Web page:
1,059 Saudi, Egyptian inmates to be released

Updated 19 July 2014

1,059 Saudi, Egyptian inmates to be released

Alwaleed Bin Talal Foundations has secured during the holy month of Ramadan the release of 1,059 Saudi and Egyptian prisoners in their respective countries by paying their debts.
The initiative is in line with the continuous support of Prince Alwaleed bin Talal, chairman of Kingdom Holding Company (KHC), to strengthen the bonds of cohesion and solidarity between individuals and institutions in society.
Prince Alwaleed confirmed his commitment to helping insolvents and releasing the detainees to ensure their safe return to their families during Ramadan where Muslims are seeking to do good.
Debts have been paid throughout all the regions of Saudi Arabia in coordination with the General Directorate of Prisons, Department of Religious Affairs and Division of Private Rights.
The initiative was extended to pay off the debts of fellow Egyptians in cooperation with Misr El Kheir Foundation, headed by former grand mufti of Egypt, Dr. Ali Gomaa.
Misr El Kheir Foundation was established in 2007, with the aim to provide a decent life and safeguard the dignity of individuals to achieve a self-sustained growth of their society.
Alwaleed Bin Talal Foundations is involved in a wide spectrum of humanitarian and philanthropic activities in more than 84 countries. Their focus areas are established around strategic initiatives, ranging from disaster relief and community development, to women and youth empowerment, as well as promoting intercultural understanding.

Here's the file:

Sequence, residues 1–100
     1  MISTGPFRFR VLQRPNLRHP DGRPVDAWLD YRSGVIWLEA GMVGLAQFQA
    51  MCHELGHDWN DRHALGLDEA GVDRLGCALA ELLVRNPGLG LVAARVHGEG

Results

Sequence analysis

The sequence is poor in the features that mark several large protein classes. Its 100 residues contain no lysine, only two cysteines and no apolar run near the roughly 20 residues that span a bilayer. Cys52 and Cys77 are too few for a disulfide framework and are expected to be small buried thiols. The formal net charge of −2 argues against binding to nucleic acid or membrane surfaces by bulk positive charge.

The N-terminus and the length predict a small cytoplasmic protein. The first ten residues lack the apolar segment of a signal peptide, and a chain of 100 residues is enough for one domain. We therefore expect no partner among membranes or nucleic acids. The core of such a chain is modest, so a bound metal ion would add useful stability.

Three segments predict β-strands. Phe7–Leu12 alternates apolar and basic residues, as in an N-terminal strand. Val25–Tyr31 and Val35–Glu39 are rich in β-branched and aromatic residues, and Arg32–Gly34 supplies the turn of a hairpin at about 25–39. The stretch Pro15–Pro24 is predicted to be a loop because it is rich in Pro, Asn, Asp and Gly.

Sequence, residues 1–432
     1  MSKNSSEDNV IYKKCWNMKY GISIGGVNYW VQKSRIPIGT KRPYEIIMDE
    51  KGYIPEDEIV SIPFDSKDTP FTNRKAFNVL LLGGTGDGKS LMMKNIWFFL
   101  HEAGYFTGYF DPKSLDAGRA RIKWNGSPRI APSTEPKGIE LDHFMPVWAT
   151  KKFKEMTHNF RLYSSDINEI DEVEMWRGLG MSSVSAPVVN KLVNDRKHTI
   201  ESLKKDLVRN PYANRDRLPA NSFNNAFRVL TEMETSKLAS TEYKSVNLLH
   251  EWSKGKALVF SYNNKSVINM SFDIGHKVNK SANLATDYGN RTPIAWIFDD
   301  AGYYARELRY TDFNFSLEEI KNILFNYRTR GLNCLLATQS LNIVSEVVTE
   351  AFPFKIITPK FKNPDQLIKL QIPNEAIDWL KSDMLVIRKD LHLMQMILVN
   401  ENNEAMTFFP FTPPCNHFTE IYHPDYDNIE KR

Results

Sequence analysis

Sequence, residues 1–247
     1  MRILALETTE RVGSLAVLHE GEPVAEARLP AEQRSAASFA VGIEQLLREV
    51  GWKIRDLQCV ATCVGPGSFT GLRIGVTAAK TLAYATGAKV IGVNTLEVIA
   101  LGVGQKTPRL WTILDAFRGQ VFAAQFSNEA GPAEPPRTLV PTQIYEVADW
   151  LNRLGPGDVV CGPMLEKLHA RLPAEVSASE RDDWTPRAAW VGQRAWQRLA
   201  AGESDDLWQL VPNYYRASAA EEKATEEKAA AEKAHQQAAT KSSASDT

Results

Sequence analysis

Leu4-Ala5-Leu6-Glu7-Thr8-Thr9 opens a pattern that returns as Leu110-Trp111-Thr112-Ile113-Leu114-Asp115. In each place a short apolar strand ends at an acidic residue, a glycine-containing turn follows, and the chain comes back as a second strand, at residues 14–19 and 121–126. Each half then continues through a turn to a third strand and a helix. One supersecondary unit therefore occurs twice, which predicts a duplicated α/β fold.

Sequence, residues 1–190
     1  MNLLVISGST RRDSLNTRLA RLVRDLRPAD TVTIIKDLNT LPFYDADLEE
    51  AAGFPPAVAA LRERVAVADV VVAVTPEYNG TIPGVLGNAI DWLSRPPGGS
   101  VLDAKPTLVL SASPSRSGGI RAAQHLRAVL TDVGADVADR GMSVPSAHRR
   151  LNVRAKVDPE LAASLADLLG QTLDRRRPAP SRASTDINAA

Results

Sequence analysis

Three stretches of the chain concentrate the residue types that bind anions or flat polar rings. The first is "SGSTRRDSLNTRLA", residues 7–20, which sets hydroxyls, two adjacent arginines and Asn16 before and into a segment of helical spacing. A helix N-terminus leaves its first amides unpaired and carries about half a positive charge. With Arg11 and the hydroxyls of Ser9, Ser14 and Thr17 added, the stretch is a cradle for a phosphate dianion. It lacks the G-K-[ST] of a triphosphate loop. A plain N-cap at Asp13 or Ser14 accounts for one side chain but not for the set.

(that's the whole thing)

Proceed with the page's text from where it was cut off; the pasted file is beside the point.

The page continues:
Saudi’s Qassim prepares over 200 mosques for Friday prayers

Updated 04 June 2020

Saudi’s Qassim prepares over 200 mosques for Friday prayers

  • Volunteers will help worshipers disperse between mosques
  • The first call to prayer will be announced 20 minutes earlier

DUBAI: Islamic authority in Qassim region have approved 205 mosques to perform Friday prayers according to new regulations, state news agency SPA reported.

The first call to prayer will be announced 20 minutes earlier, and khutbas – religious address delivered by the imam – to last at maximum for 15 minutes.

Also, volunteers will help worshipers disperse between mosques.

Mosques across the Kingdom, except for those in Makkah, have opened their doors to worshippers on Sunday, May 31, as coronavirus restrictions ease.

Last week, Saudi Arabia’s Minister of Islamic Affairs Sheikh Abdullatif Al-Sheikh called on Muslims to respect ongoing safety measures inside mosques, such as bringing their own prayer mats, wearing masks and washing hands prior to entering the vicinities.

Al-Asheikh said preventative measures will remain in place to ensure a safe return of worshipers to mosques for Friday prayers from May 31 until June 20.